Tech investing is risky. Just ask any investor who survived the dot-com bust. Better yet, check out the real-money losses in my tech portfolio.

Depressing, eh? Well, get the Prozac; it gets worse. Tech firms have now eliminated more than 100,000 jobs since Aug. 27, according to blogger TechCrunch, which keeps a running tally at its site.

Layoffs at Yahoo! (NASDAQ:YHOO) and Motorola made headlines, as did thus-far-unfounded rumors of big cuts at Google (NASDAQ:GOOG). Other notable but less newsworthy cutters:

Company

Jobs Cut

Sun Microsystems (NASDAQ:JAVA)

5,130

Applied Materials (NASDAQ:AMAT)

1,800

Symantec (NASDAQ:SYMC)

880

SanDisk (NASDAQ:SNDK)

750

Adobe (NASDAQ:ADBE)

600

Data current as of Dec. 13, 2008.

And these are just the public firms. Baby Breakers such as BitTorrent and LinkedIn are also reducing payrolls. Others are shutting down. BusinessWeek reports that Silicon Valley liquidator Sherwood Partners is now handling 12 cases a month, up from just two in recent years. Call it a continuation of the eight-year bear market in venture capital that Harris & Harris CEO Charles Harris described to me in October.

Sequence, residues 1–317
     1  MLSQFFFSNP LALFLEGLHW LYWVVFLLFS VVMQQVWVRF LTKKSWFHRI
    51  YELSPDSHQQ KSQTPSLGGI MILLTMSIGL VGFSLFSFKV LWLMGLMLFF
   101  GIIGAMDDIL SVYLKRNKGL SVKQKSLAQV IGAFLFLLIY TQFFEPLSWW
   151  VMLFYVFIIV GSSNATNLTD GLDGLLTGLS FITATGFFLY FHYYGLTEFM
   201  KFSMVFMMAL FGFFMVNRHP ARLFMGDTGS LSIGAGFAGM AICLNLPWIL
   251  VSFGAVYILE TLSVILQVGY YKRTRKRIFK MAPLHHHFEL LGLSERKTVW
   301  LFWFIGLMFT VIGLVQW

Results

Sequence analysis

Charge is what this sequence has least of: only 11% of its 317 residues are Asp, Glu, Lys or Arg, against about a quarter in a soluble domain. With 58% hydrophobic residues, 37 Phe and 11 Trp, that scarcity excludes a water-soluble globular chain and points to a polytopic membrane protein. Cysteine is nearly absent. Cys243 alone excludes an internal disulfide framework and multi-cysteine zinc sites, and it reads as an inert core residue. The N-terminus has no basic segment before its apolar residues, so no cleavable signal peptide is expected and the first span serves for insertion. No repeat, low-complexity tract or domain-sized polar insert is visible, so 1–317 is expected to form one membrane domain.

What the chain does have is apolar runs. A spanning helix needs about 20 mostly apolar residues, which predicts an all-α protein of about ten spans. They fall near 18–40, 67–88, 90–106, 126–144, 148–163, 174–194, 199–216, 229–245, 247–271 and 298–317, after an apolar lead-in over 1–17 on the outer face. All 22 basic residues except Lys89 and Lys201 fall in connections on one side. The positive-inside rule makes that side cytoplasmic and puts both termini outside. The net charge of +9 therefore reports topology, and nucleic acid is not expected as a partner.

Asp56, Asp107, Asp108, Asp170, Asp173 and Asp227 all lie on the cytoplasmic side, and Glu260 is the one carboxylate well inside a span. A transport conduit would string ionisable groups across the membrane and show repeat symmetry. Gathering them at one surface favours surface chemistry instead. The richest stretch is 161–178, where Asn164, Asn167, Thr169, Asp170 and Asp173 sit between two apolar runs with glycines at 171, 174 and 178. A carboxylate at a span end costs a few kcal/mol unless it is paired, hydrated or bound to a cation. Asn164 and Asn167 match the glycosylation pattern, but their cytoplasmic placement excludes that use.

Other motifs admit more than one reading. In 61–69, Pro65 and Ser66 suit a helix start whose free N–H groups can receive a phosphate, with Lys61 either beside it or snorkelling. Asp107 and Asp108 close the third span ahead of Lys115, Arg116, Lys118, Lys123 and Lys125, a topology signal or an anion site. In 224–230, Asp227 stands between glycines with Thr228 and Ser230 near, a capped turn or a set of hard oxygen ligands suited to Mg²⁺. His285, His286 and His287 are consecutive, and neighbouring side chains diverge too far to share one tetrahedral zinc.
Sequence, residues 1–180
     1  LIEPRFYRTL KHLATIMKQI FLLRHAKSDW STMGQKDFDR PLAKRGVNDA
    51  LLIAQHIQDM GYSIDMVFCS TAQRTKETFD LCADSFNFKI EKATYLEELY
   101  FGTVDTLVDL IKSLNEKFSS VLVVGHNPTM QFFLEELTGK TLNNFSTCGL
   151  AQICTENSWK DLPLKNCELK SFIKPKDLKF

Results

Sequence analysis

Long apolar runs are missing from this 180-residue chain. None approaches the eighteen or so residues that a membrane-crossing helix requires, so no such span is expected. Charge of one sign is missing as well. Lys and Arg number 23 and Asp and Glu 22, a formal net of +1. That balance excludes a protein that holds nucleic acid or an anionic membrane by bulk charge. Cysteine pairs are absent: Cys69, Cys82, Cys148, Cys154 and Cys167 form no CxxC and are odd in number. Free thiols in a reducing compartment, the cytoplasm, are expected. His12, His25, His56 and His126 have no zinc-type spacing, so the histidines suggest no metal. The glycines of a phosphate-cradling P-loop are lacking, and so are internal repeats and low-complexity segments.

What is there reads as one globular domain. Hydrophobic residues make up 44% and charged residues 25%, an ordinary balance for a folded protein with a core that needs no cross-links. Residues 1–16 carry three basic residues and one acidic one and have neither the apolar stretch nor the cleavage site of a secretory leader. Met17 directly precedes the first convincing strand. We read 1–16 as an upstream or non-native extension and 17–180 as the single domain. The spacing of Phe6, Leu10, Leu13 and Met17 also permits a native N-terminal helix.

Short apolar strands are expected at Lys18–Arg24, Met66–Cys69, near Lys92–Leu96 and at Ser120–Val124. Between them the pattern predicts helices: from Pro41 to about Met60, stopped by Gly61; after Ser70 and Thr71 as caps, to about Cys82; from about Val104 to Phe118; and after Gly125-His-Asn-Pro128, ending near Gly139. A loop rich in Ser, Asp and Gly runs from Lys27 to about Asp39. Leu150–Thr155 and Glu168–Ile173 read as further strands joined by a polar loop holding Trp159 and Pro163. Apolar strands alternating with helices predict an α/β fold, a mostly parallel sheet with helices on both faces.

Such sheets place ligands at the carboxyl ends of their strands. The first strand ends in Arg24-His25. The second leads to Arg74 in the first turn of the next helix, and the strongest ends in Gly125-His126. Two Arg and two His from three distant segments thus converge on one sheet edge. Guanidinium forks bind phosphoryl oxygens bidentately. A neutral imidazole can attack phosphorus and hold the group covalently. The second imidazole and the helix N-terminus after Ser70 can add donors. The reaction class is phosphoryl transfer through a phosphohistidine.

The data raises a troubling question: Is it possible to invest in tech and not get burned? Sure, just not over the short-term. Too often, bear markets are equal-opportunity horrorshows. So when buying tech stocks, buy not just for 2009, but 2019. You're looking for businesses that are:

Silicon Valley isn't safe, but it's still a land of opportunity.

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This article represents the opinion of the writer, who may disagree with the “official” recommendation position of a Motley Fool premium advisory service. We’re motley! Questioning an investing thesis -- even one of our own -- helps us all think critically about investing and make decisions that help us become smarter, happier, and richer.